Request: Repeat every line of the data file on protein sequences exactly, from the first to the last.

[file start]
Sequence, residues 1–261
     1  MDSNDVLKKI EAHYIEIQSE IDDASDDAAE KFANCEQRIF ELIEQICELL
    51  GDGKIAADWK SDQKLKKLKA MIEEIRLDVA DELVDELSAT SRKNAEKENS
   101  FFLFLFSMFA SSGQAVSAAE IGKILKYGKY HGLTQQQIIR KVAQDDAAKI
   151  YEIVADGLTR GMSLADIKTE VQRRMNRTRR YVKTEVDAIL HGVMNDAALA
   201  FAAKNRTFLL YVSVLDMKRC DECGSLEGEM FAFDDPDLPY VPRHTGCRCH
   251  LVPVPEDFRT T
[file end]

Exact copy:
Sequence, residues 1–261
     1  MDSNDVLKKI EAHYIEIQSE IDDASDDAAE KFANCEQRIF ELIEQICELL
    51  GDGKIAADWK SDQKLKKLKA MIEEIRLDVA DELVDELSAT SRKNAEKENS
   101  FFLFLFSMFA SSGQAVSAAE IGKILKYGKY HGLTQQQIIR KVAQDDAAKI
   151  YEIVADGLTR GMSLADIKTE VQRRMNRTRR YVKTEVDAIL HGVMNDAALA
   201  FAAKNRTFLL YVSVLDMKRC DECGSLEGEM FAFDDPDLPY VPRHTGCRCH
   251  LVPVPEDFRT T